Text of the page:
Where the weed is concerned, even nice, normal, conventional people are starting to agree that the law is a total ass. Look at the Liberal Democrats, led by the pukka Paddy Ashdown, voting for legalisation at their annual conference. Look at Labour's splendid Clare Short, hinting on television that cannabis should be decriminalised. The fragrant and well-born journalist, Mary-Anne Sieghart, when she came out on Question Time with the mild observation that pot was less harmful than alcohol, was only voicing a sentiment you could hear in hundreds of Habitat dining rooms. Yet sections of the studio audience carried on as if she had advocated child abuse. What is all the fuss about? Heroin makes you rob chemists at gunpoint, before killing you. Cocaine (besides being vulgar) gives you three nostrils and an overdraft. Alcohol makes you violent and stupid. Dope only makes you want sex and chocolate. It deadens pain and produces a feeling of happy relaxation. Occasionally it makes you titter inanely at nothing. At worst it can turn you into a monumental, Olympic-standard bore who insists on describing every second of Blue Peter with interjections of "Wow!" and "It was amazing!"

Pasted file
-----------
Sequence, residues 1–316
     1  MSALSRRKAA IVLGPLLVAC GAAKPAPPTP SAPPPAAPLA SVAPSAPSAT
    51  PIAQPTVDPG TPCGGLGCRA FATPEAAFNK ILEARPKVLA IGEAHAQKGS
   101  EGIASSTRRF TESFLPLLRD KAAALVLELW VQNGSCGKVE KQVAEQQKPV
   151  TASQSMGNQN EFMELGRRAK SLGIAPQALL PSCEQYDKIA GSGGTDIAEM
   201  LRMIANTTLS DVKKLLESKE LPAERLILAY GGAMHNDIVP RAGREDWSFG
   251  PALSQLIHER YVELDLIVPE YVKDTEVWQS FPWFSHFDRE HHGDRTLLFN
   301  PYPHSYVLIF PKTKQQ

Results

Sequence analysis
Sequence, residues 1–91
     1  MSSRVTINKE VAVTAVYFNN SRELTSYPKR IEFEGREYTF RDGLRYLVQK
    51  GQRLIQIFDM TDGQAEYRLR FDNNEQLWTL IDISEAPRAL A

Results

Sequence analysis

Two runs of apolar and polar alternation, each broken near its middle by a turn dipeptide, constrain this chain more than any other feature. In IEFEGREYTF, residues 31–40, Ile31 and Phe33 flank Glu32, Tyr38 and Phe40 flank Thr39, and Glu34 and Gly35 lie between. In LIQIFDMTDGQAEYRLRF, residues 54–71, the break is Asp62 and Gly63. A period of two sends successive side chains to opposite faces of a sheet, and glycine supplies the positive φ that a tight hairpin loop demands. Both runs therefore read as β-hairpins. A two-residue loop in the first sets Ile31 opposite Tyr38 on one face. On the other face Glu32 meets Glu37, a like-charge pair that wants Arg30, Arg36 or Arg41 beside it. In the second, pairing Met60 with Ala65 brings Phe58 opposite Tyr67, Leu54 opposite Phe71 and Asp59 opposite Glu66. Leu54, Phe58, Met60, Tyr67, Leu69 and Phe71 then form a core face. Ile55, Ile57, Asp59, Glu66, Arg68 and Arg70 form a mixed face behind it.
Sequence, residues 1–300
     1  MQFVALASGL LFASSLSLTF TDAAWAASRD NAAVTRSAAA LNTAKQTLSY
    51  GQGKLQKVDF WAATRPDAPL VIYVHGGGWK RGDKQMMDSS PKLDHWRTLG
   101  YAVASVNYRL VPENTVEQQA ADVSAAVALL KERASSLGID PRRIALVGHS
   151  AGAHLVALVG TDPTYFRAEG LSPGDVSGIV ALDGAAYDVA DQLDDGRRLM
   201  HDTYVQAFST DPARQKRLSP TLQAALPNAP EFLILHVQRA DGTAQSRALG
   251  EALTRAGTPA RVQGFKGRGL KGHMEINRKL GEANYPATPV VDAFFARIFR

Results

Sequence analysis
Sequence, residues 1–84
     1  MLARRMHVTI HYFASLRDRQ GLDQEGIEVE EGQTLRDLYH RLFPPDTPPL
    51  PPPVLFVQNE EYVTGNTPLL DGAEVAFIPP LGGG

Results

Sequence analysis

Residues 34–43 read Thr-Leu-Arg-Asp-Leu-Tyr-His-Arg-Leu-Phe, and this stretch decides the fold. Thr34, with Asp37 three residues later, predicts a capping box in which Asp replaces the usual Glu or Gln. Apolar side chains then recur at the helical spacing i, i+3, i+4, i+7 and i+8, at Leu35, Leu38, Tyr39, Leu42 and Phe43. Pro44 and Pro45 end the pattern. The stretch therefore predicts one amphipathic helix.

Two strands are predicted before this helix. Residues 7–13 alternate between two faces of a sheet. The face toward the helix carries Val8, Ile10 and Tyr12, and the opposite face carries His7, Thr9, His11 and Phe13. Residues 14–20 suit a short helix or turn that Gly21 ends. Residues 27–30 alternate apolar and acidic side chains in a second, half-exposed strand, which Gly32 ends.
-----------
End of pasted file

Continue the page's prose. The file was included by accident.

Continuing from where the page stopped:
Modern weed-heads do not regard themselves as drug users. They are refined, post-prandial puffers and madly resent the indignity of illegality. To them, a spliff is like a glass of wine, to be enjoyed in mellow company and politely offered round. Unfortunately, Sainsbury's does not stock dope-and-Rizla kits alongside its jars of Stilton. So where, and how, does a genteel person score?

"It's like belonging to a club," explains Matthew, a thirtysomething corporate lawyer. "You know someone who does it, and they introduce you to their dealer. I was introduced to Clarence by a colleague."